Buganda is one of the numerous Kingdoms that sprung up after the collapse of the Chwezi dynasty.
A number of theories have been put forward to explain the origins of Buganda.
According to oral traditions in Buganda, Kintu was the first Muganda believed to have come from the direction of Mt. Elgon (Kintu came from the East).
He is said to have come with 13 or 14 of the present day clans in Buganda.
According to traditions in Bunyoro, the founder of Buganda was Prince Kato Kimera who was a twin brother to Prince Isingoma Rukidi Mpuga the founder of the Bito dynasty in Bunyoro.
He is said to have come with 5 or 6 of the present day clans in Buganda.
Other traditions claim that Buganda originated from the Bantu clans that migrated from Congo basin.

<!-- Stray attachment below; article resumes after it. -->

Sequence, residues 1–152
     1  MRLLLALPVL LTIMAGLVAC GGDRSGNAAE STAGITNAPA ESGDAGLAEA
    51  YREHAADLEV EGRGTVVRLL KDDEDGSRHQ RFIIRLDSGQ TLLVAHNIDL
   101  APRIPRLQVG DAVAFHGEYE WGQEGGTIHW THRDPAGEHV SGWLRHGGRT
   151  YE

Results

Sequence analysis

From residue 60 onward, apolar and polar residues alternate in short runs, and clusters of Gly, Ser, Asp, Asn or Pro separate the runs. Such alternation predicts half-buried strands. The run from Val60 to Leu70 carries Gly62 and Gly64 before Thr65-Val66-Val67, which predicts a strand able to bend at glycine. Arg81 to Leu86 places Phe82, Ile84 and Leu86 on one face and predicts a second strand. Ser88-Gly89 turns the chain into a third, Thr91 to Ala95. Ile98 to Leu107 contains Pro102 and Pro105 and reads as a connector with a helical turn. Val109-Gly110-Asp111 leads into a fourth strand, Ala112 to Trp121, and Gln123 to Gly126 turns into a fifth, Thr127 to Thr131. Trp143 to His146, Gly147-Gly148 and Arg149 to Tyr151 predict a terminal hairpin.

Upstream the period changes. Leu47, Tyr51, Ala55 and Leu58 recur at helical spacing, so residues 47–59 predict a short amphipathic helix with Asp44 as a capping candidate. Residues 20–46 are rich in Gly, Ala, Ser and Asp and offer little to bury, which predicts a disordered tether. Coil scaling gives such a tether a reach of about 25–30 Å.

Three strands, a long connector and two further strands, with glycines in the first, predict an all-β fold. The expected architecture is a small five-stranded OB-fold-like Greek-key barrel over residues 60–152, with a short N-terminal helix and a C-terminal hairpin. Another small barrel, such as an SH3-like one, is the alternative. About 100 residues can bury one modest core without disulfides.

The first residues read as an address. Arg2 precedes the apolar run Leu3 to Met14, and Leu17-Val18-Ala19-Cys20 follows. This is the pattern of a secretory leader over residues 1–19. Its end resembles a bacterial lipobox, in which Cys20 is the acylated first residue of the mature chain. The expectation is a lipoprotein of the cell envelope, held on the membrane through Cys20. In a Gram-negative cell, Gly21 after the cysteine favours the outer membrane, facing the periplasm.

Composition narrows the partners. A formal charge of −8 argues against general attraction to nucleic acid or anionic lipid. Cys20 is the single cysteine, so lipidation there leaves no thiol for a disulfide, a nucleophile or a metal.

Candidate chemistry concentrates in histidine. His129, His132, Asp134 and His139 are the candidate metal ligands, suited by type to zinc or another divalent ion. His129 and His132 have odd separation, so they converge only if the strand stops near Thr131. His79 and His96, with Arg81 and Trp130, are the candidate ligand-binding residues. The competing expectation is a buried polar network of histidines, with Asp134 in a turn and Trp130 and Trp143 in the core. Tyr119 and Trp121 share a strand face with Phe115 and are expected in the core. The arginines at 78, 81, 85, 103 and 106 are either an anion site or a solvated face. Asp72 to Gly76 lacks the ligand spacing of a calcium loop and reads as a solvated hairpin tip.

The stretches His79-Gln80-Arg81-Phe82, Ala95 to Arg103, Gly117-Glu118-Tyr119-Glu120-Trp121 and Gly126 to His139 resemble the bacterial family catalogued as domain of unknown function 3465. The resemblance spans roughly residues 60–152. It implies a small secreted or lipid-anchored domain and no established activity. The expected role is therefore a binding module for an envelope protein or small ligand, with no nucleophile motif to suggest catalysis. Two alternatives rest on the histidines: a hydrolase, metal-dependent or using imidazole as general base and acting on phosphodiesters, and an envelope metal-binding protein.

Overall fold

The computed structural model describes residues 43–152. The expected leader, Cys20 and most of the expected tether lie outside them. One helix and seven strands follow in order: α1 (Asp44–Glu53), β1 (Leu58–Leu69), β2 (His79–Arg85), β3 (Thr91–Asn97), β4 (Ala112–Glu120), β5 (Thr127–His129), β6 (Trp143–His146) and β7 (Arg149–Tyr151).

Buganda sprung up after the collapse of the Chwezi Empire with only three countries i.e. Kyadondo, Mawokota and Busiro.
In the 17th century, Kabaka Kateregga began her systematic expansion by annexing Gomba, Singo, Butambala and Kyaggwe.
Around the 18th century (1750) many immigrants arrived from Bunyoro, Mt.Elgon area and Ssese Islands to increase her population.
Between 1780 – 1789 (18th century), Kabaka Jjunju waged war against Bunyoro and managed to annex Buddu and Kooki which were rich in Iron.
Between 1814 and 1881 Kabaka Ssekamanya annexed Buwekula and Bwera and added them to Buganda.
Between 1831 – 1851, Kabaka Ssuna finally attacked Bunyoro and crashed it.
Still in the same period, Kabaka Mawanda tried to annex Busoga but failed in his attempt not until Kabaka Kyabaggu’s reign that Busoga was finally crashed.
In the late 19th century Buruuli, Mawogola, Bulemezi and Bugerere were annexed to Buganda as Bunyoro was declining.
In the 1900 Buganda agreement, Buganda was given the two lost counties of Buyaga and Bugangaizi.
This stretched her territory from Lake Albert in the west to River Nile in the East up to Northern Tanzania in the South.